Virtualized cloud platforms are well suited to providing DR. Under normal operating conditions, a cloud-based DR service may only need a small share of resources to synchronize state from the primary site to the cloud. The full amount of resources required to run the application only needs to be provisioned (and paid for) if a disaster actually happens. The use of automated virtualization platforms for disaster recovery means that additional resources can be rapidly brought online once the disaster is detected. This can dramatically reduce the recovery time after a failure which is a key component in enabling business continuity.
Exhibit 1 – Disaster Recovery
Key Requirements for Effective DR Service
The requirements for an effective DR Service may be based on business decisions such as the monetary cost of system downtime or data loss, while others can be directly tied to application performance and accuracy.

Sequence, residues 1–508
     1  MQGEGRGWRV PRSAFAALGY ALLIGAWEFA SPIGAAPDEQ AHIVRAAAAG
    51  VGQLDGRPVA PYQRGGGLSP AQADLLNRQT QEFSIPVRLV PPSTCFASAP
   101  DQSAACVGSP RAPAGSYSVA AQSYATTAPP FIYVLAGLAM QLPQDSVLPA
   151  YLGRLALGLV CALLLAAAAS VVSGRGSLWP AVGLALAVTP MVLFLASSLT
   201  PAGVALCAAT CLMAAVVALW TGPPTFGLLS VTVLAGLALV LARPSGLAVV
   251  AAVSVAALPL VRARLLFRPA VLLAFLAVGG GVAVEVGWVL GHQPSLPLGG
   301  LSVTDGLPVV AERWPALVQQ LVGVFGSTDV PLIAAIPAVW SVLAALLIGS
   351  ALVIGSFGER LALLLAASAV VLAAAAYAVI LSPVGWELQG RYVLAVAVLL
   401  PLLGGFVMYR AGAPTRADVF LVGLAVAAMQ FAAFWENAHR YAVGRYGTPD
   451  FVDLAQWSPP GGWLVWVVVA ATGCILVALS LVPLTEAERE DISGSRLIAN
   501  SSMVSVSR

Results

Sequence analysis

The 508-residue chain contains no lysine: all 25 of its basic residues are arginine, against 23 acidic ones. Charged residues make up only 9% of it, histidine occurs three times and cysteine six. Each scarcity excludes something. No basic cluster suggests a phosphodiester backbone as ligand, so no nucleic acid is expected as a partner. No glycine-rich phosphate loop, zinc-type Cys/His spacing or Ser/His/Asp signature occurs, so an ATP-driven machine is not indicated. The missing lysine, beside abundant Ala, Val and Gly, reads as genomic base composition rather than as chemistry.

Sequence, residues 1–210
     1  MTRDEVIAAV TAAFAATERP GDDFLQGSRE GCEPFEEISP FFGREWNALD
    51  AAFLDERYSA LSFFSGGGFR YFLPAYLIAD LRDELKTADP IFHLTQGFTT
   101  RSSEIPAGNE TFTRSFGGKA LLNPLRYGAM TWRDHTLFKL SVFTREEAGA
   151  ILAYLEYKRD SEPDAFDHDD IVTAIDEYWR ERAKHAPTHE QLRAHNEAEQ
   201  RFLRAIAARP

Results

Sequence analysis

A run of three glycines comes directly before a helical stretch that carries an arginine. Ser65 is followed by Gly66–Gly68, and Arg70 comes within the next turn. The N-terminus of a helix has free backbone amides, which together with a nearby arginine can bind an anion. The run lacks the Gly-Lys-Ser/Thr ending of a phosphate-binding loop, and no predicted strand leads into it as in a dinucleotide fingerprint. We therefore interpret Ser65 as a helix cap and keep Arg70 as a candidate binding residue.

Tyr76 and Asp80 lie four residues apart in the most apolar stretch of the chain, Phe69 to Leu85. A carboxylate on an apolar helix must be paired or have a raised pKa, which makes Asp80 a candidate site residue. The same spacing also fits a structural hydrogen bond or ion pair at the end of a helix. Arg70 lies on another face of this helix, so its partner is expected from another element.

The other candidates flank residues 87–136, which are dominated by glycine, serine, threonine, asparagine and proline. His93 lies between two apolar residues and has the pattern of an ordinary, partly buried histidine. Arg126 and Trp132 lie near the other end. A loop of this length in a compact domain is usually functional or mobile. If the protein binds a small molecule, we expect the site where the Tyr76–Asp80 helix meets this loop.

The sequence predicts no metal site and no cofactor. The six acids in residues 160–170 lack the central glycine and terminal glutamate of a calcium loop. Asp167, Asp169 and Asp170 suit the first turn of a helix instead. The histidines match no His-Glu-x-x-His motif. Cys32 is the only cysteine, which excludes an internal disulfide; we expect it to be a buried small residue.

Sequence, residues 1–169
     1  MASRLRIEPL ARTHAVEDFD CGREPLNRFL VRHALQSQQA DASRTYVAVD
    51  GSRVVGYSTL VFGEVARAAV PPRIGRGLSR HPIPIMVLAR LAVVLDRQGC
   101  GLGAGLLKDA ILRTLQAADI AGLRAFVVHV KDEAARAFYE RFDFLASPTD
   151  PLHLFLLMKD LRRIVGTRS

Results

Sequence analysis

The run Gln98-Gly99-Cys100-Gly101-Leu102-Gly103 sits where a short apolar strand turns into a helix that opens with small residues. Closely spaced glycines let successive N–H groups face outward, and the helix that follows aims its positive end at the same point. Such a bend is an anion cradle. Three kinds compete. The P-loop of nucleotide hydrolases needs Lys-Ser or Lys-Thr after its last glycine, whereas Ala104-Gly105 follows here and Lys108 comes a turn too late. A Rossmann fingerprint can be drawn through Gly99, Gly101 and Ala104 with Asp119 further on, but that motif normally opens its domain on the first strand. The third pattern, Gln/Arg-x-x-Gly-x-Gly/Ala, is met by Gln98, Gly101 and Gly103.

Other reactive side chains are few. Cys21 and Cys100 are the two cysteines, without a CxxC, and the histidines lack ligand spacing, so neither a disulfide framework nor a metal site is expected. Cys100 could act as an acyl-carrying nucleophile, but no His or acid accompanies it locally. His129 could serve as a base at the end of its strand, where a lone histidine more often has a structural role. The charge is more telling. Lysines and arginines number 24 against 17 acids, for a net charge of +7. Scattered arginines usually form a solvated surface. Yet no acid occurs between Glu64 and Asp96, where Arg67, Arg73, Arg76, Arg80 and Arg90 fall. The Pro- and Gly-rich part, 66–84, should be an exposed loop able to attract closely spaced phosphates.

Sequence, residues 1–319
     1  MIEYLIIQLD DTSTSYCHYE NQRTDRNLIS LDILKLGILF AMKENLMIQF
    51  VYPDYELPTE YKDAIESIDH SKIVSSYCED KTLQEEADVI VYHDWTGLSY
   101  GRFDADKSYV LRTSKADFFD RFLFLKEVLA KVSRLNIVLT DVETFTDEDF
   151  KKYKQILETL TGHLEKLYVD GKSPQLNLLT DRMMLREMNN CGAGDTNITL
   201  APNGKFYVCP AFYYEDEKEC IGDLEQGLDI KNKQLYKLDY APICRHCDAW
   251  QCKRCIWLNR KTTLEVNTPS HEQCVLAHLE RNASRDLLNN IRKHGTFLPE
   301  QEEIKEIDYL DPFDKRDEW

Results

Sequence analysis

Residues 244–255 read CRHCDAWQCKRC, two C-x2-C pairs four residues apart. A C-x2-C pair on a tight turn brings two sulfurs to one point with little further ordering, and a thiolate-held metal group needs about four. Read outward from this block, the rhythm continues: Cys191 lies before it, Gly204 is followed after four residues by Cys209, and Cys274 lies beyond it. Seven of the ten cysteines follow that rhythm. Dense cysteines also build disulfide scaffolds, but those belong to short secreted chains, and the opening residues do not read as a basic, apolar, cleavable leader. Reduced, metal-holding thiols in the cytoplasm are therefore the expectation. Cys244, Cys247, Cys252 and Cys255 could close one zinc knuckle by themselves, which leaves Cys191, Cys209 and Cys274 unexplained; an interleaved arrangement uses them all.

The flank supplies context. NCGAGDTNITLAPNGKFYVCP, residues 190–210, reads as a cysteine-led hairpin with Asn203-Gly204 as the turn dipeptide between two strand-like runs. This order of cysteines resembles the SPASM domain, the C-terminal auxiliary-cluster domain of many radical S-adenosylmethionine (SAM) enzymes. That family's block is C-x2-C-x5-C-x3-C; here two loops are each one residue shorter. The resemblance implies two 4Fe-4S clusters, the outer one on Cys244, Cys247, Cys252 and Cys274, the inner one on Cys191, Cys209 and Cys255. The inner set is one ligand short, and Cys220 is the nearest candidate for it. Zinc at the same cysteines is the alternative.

Exhibit 2 – Requirements for DR Service
The level of data protection and speed of recovery depends on the type of backup mechanism used and the nature of resources available at the backup site. In general, DR services fall under one of the following categories:
- Hot Backup Site: A hot backup site typically provides a set of mirrored stand-by servers that are always available to run the application once a disaster occurs, providing minimal RTO and RPO. Hot standbys typically use synchronous replication to prevent any data loss due to a disaster.